Food Service Positions and Job Titles

Back of House

Efficient kitchens are well-organized kitchens. Most kitchens are organized into stations or sections, with each responsible for preparing different food or menu items. All the stations together form what is called the line. Usually, each station on the line has a separate name, but job titles often reflect the experience and the skills of the cook. This can be a bit confusing. For example, in larger establishments the positions of first cook, second cook, and third cook are common, but the skills and qualifications of people with these job titles can vary from restaurant to restaurant, and in some cases may be linked to salary structures within the collective agreement of a union. As well, many people call themselves a chef when they are in reality a cook in a restaurant or someone who has taken culinary training.

The traditional hierarchy of the kitchen is a system called the brigade, created in France in the 19th century by Auguste Escoffier. Although most modern restaurants do not follow the traditional brigade system to the letter, many of the positions in restaurants are still referred to using the French terminology.

Traditional Title

Modern Alternatives


Chef, Chef de Cuisine

Kitchen manager

In charge of the whole kitchen

Sous-Chef, Executive Sous Chef


Second in command of the kitchen; supervises when the chef is absent

Chef de Partie

Section cook

In charge of a section or station


Vegetable station

Preparation of vegetables, starches, and accompaniments


Sauce or sauté station

Preparation of sauces, hot appetizers, and finishing most entrées

Garde Manger

Salad station, cold kitchen

Preparation of cold kitchen items such as salads and cold appetizers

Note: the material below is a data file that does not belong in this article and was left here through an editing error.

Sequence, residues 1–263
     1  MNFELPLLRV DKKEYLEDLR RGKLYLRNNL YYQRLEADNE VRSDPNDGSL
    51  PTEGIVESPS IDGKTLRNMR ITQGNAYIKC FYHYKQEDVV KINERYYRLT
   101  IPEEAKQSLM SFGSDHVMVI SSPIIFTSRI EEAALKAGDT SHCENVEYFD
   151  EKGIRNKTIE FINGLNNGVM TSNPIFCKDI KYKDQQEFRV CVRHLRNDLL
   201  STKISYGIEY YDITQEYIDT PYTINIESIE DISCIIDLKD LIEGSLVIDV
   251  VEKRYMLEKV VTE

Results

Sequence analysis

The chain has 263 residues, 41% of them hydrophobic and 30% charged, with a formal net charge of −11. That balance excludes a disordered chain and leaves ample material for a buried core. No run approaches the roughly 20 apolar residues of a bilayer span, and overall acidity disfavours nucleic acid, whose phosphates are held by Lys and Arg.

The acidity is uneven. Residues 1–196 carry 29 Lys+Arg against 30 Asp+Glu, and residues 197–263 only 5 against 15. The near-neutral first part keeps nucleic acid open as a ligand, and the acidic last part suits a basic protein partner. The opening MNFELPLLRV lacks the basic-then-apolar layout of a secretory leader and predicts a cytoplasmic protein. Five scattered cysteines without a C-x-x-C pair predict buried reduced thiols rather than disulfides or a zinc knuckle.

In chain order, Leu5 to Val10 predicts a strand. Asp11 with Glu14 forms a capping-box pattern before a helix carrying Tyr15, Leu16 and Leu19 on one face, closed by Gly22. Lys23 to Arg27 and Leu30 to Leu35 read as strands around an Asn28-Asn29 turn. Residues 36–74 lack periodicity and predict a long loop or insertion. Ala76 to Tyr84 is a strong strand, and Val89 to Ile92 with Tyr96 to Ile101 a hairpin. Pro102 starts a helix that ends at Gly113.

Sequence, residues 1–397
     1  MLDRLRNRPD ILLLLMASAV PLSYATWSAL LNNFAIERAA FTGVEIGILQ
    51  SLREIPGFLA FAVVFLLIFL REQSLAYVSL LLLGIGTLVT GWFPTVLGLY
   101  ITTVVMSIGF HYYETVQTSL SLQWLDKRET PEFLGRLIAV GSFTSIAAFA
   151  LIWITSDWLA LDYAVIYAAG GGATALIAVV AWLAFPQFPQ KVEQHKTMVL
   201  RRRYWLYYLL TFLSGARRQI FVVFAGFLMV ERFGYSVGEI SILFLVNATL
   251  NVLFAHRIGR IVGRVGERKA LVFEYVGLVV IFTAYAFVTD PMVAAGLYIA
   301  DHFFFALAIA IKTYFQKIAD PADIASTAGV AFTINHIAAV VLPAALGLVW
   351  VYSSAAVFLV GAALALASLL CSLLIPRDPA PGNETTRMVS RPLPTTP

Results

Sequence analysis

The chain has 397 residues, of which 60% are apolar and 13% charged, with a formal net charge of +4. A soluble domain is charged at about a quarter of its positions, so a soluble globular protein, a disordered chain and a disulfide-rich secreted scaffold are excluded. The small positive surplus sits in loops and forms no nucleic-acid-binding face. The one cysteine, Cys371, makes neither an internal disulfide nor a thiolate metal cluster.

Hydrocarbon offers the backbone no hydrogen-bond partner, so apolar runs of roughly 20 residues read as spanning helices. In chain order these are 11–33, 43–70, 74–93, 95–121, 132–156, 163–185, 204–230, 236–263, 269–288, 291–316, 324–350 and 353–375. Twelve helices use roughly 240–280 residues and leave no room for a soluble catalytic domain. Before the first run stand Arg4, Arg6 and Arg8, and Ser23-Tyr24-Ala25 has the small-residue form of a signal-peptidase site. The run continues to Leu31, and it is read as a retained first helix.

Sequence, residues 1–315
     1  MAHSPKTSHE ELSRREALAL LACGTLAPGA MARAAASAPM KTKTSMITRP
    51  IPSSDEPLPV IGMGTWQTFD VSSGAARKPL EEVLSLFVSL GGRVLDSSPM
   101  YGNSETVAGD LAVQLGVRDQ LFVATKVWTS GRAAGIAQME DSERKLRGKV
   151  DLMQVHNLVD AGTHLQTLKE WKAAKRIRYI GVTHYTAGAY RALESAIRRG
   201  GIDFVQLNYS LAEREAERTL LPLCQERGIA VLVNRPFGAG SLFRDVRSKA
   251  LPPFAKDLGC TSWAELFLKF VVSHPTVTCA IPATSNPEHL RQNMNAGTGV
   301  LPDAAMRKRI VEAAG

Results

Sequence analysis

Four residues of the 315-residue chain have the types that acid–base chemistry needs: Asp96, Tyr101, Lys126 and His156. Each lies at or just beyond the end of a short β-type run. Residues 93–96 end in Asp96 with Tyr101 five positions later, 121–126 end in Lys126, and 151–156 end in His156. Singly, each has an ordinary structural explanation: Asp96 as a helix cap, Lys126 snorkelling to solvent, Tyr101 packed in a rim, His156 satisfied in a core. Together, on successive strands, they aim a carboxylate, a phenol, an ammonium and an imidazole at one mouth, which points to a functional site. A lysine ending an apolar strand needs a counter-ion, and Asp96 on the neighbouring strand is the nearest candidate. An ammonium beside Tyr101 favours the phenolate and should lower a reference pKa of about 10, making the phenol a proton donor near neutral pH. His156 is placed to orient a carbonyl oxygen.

Swing cook

Rotates between stations in the kitchen


Pastry cook/Pastry chef

Preparation of desserts


Fish station

Preparation of fish and seafood


Grill cook

Preparation of grilled or broiled items


Cook, Line cook

Preparation of a wide variety of foods


Junior cook

Preparation of a wide variety of foods

Front of House

A similar structure exists in the front of the house, with restaurant and dining room managers having their own teams of servers, hosts/hostesses, bussers, and bartenders to serve guests. The traditional brigade hierarchy also covered the front of house positions, and is still commonly used in France to this day, but only two have remained in common usage in Canada, namely maître d’hôtel (or maître d’ for short) and sommelier.

Typical front of house positions and responsibilities include:




Maître d’/Maître d’Hotel

Dining room or restaurant manager

In charge of the front of the house


Wine steward

Responsible for maintaining wine lists and the ordering and service of wine



Takes orders, leads service


Sets and clears tables


Seats guests and often processes payment


Prepares drinks and beverages


Food runner

Brings food to the table from the kitchen

Info gathered from Working in the Food Service Industry.  (Under Creative Commons License)

Contact Us for More Information

Subscribe for latest updates